An estimated 340 million people will be living in the world’s top 21 megacities by the year 2015. Eighteen of these megacities are located along the coast. Explosive population growth, urbanization, climate change, rising sea levels and desertification will create a major infrastructural challenge to feeding the world’s people, especially in coastal megacities.
In such areas where land is scarce or becomes too expensive and open water is the ideal alternative terrain, SeaLeaf provides an innovative alternative to traditionally grown agriculture. SeaLeaf’s hydroponic floating agricultural system can help create a local mass agricultural industry within urban areas, making the concept of reasonably priced local food for a local population a reality.
SeaLeaf’s product consists of a floating module with a hydroponic farming system and a walkway pontoon for access while afloat. This allows urban farmers to cultivate food directly on the water, using irrigated rain water and natural sunlight. These module and pontoon are constructed from high-density polyethylene and based on kayak and pontoon design for optimum stability. Each module covers one cubic meter of cultivatable land and can be connected to other modules by its walkway pontoon.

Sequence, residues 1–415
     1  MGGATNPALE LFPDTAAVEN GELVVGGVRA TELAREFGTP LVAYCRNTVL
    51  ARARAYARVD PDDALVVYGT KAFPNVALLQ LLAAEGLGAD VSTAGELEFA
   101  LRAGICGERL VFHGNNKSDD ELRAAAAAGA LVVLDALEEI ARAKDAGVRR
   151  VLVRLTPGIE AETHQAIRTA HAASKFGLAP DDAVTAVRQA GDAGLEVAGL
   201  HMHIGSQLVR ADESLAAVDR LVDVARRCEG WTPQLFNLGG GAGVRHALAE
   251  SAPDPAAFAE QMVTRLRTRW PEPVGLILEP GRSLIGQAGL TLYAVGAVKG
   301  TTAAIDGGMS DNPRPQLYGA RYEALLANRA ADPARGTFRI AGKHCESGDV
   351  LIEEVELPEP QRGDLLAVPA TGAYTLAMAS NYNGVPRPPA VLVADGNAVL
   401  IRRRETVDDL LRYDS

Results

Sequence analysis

The benefits of SeaLeaf are manifold. Besides providing a sustainable source of crops to people in urban coastal megacities, SeaLeaf will help to reduce the carbon miles incurred from mass importation of everyday produce, thereby decreasing the world’s overall carbon footprint. In addition, SeaLeaf can improve the nutritional content of the food it grows, since the crops will no longer have to travel long distances and reach a retailer in a frozen or premature state.
Currently in beta-phase, SeaLeaf’s design is set to be finalized by mid-2016 and in full production by the end of 2018.
– Tara Young